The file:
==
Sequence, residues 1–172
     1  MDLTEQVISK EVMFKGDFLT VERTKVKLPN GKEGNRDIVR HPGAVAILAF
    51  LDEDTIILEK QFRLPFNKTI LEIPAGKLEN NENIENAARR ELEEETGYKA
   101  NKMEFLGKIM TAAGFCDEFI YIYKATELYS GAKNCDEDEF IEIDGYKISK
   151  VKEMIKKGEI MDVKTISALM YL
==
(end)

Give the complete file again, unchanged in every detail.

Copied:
Sequence, residues 1–172
     1  MDLTEQVISK EVMFKGDFLT VERTKVKLPN GKEGNRDIVR HPGAVAILAF
    51  LDEDTIILEK QFRLPFNKTI LEIPAGKLEN NENIENAARR ELEEETGYKA
   101  NKMEFLGKIM TAAGFCDEFI YIYKATELYS GAKNCDEDEF IEIDGYKISK
   151  VKEMIKKGEI MDVKTISALM YL